The phase term of the signal S(t), which is represented by the exponent, is linear as desired. The amplitude function of the signal S(t) is defined by the term cos ((α-β)/2+(φ(t)-φ(t-T)/2). The argument of the cosine term must be prevented from making 180 degree phase excursions to preclude the introduction of audible "clicks." This constrains the term φ(t)-φ(t-T) to be less than 90 degrees. This condition is satisfied if the product TΔF is maintained less than 1/2, where ΔF is the maximum deviation of the modulating frequency.
For comb filter implemented in the SAP channel, the maximum frequency deviation is limited to be less than 10 kHz. The maximum signal delay T is therefore limited to 50 μsec. The SAP carrier is located at a frequency 5fH which is five times the horizontal scanning frequency of the television signal. It is likely that the composite sound signal will contain harmonics of the horizontal scanning frequency fH which tend to cause buzz in the reproduced audio signals. In addition, the (L-R) signal modulates a carrier of 2fH. The delay of the comb filter device can be advantageously selected to produce nulls or "teeth" in the comb filter repsonse to occur at even multiples of the horizontal scanning frequency to suppress even harmonics of the horizontal scanning frequency and the L-R component of the composite sound signal.
A delay of one-half the horizontal scanning period (31.746 μsec) produces such a response and satisfies the constraint that T be less than 50 μsec for the SAP signal. FIG. 3A illustrates a comb filter, in general form, which produces a filter response having nulls at even multiples of fH and a bandpass over the frequency spectrum occupied by the SAP signal. FIG. 3B illustrates the frequency response of the comb filter of FIG. 3A.
Next consider cascading a bandpass filter with the comb filter, which bandpass filter has a relatively wide pass-band in the spectrum of interest, such that any nonlinear phase characteristics of the bandpass filter do not occur in the range of the signal spectrum. Such a filter characteristic is illustrated in FIG. 4 drawn with the solid line. The transfer function, H(f), of the bandpass filter is described by the equation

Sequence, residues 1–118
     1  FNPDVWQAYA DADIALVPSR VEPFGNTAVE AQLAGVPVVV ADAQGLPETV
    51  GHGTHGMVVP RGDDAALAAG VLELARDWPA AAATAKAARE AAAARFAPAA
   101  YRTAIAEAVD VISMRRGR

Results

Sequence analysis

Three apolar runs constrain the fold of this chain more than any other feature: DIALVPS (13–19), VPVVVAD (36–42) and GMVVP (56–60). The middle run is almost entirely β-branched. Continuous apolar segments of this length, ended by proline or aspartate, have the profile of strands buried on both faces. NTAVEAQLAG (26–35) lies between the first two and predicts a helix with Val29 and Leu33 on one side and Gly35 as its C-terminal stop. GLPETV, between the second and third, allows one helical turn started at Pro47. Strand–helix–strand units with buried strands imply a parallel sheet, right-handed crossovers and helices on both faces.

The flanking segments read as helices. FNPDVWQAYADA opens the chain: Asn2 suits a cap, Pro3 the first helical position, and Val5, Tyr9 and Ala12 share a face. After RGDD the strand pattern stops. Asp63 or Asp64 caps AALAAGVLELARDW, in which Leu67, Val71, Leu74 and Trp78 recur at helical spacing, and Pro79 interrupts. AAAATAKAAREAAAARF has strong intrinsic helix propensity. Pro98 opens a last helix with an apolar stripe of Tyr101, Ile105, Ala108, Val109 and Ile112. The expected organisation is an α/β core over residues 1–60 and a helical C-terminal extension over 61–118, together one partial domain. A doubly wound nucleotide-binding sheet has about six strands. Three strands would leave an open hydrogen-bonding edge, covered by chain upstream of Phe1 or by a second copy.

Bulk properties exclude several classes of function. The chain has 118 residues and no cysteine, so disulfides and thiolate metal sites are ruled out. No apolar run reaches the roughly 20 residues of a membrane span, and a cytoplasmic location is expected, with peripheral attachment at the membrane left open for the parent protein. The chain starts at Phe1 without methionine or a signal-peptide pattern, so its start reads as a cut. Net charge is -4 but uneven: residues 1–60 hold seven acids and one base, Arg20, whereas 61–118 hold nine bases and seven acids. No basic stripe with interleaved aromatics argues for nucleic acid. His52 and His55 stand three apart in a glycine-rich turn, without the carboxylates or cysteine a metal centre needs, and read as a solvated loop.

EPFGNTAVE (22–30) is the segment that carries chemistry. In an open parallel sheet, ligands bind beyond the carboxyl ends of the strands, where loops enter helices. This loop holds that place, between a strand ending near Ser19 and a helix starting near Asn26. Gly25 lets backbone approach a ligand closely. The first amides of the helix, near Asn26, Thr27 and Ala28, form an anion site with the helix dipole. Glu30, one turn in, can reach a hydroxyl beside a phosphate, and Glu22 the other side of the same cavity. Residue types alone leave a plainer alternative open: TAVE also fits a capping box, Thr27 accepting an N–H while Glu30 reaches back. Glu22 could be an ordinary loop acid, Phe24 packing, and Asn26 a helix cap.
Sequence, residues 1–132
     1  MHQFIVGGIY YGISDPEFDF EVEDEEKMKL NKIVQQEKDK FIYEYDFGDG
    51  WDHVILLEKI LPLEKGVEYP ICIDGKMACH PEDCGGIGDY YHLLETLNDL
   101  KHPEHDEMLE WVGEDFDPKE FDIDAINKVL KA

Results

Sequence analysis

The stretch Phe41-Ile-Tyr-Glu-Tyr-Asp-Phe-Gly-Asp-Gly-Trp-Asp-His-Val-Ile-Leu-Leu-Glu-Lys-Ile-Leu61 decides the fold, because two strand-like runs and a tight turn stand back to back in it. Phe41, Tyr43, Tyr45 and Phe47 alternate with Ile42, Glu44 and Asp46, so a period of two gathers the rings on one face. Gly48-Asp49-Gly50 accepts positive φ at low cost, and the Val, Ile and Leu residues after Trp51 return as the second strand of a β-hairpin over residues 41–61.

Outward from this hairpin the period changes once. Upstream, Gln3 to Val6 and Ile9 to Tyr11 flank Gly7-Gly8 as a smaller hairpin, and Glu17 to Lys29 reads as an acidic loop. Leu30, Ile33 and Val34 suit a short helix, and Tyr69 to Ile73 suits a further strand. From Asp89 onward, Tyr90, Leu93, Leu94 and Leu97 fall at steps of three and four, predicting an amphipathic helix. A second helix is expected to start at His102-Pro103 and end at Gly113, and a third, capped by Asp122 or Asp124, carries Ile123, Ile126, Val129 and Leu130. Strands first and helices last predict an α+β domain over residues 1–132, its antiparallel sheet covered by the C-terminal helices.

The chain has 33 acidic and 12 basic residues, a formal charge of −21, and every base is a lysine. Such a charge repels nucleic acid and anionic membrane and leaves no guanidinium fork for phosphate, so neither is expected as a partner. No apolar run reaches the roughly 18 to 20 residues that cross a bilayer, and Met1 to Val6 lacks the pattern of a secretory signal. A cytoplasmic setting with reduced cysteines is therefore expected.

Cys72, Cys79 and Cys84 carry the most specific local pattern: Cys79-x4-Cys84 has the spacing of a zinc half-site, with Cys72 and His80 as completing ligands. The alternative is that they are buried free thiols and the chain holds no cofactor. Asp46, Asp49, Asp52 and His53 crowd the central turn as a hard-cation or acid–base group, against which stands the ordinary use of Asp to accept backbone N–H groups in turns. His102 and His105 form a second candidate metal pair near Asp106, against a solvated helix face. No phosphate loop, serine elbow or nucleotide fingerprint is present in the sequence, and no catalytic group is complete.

H(f)=[cos(π/2 f/fH)]/[4 cos (π/2 f/5fH)]. (4)
This transfer function has nulls at fH and 3fH which will cancel the pilot signal at fH and the third harmonic 3fH of the horizontal scanning frequency.
The composite transfer function of the bandpass and comb filters is illustrated by the dashed line in FIG. 4. It can be seen that the pass-band of the SAP channel is defined by the comb filter and that the (L+R), the (L-R) and the pilot signal ranges of the frequency spectrum are significantly attenuated. In addition, all harmonics of the horizontal scanning frequency fH, in the spectrum of interest, except the SAP carrier of 5fH are substantially eliminated.
A bandpass filter for realizing the transfer function illustrated in FIG. 4 is shown in FIG. 5. In FIG. 5 the signal to be filtered is applied to terminal 50 and coupled to the cascade connected delay elements 51-54. Each of the delay elements 51-54 delays the signal by 2H/20 where H is the period of the horizontal scanning frequency. Note, it is assumed that the signal is in digital format and sampled at a rate of 20 fH. The input signal and the output signals from each of the delay elements are applied to a signal combiner 55 which sums the signals with the polarity shown. That is, the input signal and the output signals from delay elements 52 and 54 are combined in a positive polarity sense with the output signals from delay elements 51 and 53 in a negative polarity sense to produce the bandpass filtered output signal OUT.
FIG. 6 shows a filtering and demodulating system which may be implemented in the SAP channel for elements 18 and 24 in FIG. 2. Digital samples from ADC 12 are coupled to the bandpass filter 60 which may be similar to the filter illustrated in FIG. 5 and having the transfer function described by equation (4). The bandpass filtered samples are coupled to the comb filter 61 having a transfer function similar to the function illustrated in FIG. 3B. The output of the comb filter is applied to a digital FM demodulator 62. Demodulator 62 may be of the type described in U.S. Pat. No. 4,547,737 entitled "Demodulator of Sampled Data FM Signals From Sets of Four Successive Samples", incorporated herein by reference.